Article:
So this reminds me of the conflict when I was deciding between an MFA or a degree in art therapy. Talking to people and hearing the split between people who tell you nobody will take you seriously without an MFA, and people who tell you that MFAs are bullshit. Myself, fortunately I have had a lot of opportunities to pursue art, but there is such a barrier to people who don’t have a college education, and who don’t have a high school education, often through no fault of their own. Trying to break into the art world without these credentials is hard.

What is the organization that you currently work with?

It’s called L.A.N.D. Gallery in DUMBO- it’s really cool. We’ve got about 15 artists with developmental disabilities who come every day Monday through Friday and they create work. It’s also a gallery space, which is open to the public, so people can come in and interact with the artists and buy work. Just recently one of our guys was featured in Paper Magazine, he sells his cards at Opening Ceremonies in the Ace Hotel. There’s a lot of good stuff going on for them and with them, and I think they are a really good example of what outsider art can be. The work they do is so amazing- really awesome. But, the only reason they have this opportunity is because of community art centers, and mental health programs- and that's great, but this is the only program like it in Brooklyn. It’s a hard thing to do, and that's really unfortunate because it’s a really great organization. There’s a revenue generating side to it when work is sold, there is a 50/50 split between the artists and the gallery, so there is an element of self funding, and it is also supported by the City, and federal programs.

(The L.A.N.D. artist mentioned is Michael Pellew, he also created the masterful Jackson’s Christmas on Rachel’s bookshelf pictured above)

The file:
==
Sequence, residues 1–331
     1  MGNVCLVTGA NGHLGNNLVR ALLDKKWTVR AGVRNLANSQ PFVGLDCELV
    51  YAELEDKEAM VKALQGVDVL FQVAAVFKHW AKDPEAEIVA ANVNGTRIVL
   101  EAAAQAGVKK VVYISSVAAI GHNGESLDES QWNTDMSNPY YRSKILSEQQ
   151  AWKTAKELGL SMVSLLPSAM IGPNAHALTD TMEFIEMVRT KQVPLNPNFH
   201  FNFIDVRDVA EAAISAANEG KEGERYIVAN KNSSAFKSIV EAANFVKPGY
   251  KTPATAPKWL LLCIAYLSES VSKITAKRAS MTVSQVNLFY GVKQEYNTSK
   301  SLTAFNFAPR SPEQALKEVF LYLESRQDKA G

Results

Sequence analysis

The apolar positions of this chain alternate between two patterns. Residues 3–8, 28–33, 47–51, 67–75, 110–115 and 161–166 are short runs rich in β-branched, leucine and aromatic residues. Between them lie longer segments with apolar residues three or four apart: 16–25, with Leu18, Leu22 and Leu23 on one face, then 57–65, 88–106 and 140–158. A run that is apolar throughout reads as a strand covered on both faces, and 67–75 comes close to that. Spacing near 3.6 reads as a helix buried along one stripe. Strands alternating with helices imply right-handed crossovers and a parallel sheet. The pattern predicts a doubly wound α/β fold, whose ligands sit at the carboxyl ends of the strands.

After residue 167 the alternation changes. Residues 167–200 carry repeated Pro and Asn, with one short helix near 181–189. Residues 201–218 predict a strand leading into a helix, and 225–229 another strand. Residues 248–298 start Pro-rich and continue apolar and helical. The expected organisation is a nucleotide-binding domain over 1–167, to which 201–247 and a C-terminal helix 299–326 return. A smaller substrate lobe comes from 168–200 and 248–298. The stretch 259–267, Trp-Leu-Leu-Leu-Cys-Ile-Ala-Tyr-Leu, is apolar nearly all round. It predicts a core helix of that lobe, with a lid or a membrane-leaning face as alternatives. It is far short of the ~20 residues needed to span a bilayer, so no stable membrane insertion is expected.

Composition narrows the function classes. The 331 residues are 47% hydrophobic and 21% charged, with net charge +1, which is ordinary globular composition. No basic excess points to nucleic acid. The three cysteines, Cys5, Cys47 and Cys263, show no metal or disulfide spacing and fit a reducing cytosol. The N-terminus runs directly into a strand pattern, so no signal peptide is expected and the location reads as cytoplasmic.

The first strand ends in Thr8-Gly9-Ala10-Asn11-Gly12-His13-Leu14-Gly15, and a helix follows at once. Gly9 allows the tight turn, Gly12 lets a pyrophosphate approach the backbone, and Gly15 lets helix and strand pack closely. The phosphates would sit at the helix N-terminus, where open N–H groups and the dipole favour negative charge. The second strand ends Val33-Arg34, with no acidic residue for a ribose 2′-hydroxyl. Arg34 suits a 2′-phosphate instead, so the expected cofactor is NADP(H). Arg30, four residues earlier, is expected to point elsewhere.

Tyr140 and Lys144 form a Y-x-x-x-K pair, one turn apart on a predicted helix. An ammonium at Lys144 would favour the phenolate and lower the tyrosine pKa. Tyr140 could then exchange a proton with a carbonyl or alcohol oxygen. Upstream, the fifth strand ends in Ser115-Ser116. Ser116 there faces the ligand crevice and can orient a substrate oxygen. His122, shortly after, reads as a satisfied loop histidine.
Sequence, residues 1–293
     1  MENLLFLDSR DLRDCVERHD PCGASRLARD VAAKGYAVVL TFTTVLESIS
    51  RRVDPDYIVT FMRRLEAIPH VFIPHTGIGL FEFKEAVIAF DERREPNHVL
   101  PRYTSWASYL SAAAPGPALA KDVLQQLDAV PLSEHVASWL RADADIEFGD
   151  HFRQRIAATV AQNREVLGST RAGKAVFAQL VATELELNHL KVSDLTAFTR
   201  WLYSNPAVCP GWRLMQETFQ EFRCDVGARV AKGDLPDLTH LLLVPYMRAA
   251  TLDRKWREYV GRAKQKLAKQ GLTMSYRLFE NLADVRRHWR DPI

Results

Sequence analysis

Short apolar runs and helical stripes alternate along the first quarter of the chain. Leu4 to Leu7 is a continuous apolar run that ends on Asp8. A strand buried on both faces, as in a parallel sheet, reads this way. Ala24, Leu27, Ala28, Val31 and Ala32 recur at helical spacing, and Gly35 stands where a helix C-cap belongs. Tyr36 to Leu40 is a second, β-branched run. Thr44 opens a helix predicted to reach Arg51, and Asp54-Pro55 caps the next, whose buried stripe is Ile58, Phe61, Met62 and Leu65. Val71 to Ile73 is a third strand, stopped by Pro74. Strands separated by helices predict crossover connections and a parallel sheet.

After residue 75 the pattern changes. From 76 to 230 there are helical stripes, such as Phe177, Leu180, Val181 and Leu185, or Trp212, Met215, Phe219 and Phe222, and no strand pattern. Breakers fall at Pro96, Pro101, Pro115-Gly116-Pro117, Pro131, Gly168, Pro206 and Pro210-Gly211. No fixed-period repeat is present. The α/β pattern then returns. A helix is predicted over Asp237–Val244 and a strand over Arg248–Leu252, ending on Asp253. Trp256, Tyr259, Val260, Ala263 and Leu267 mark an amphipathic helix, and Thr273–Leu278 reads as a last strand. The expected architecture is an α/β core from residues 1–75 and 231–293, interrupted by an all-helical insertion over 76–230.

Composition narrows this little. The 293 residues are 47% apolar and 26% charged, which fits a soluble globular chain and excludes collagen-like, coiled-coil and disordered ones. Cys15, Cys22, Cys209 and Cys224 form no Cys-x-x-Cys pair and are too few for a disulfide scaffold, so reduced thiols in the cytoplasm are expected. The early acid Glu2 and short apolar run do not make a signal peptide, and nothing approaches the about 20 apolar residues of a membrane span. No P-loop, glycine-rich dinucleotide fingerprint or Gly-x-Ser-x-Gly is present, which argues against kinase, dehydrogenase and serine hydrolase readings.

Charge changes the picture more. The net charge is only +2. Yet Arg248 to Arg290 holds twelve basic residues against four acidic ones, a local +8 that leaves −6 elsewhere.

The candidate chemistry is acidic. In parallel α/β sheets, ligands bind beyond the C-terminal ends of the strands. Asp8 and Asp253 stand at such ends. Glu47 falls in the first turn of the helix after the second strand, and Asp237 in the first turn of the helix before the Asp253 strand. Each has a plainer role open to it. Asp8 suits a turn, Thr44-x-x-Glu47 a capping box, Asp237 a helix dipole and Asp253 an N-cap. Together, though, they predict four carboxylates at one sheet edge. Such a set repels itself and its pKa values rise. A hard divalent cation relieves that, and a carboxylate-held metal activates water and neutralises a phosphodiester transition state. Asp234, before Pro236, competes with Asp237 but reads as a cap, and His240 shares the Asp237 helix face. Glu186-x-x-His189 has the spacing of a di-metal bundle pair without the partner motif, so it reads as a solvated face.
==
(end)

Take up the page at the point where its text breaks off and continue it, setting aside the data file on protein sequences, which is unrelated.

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You’ve mentioned that you have a literature background- how has that appeared in your work?

A lot of the text that ends up coming out is literature based- that piece (which says WANG, pictured), came off of “Bang” which comes from T.S. Elliot. So it sort of goes back and forth from being inspired by literature, and incorporating it. I really love 20th century modernism, have always been obsessed with T.S. Elliot; depending on where I’m at mentally he resonates with me a little be it more. Sometimes it’s as simple as taking key words from the text, or key ideas from the text, sometimes its just working from an inspiration from how I feel based on the text, but it manifests in a lot of different ways. The prints especially came from T.S. Elliot.

I noticed the gear taking up half your studio... are you an avid lacrosse player?

No- that’s my partner (read: boyfriend). We share this space. He runs a lacrosse website ( - he actually works in the living room, but I’ve allowed him some storage space in here because I have so much space in seemed unfair.

So what inspires you to produce in the first place? There’s definitely an element of responsive art making, where if I’m having a really shitty day I’ll come into the studio. Sometimes I’ll wake up in the middle of the night and realize I need to go paint, so there is definitely a responsive drive. But then there’s an added element of once I get into something I really want to see how far it can go, and just continue pushing it. In the past weeks I’ve gotten that feeling, where I just have to create.

Keep on creating, Rachel.  We're looking forward to it.

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Text and photography by Dan Teran for Artsicle.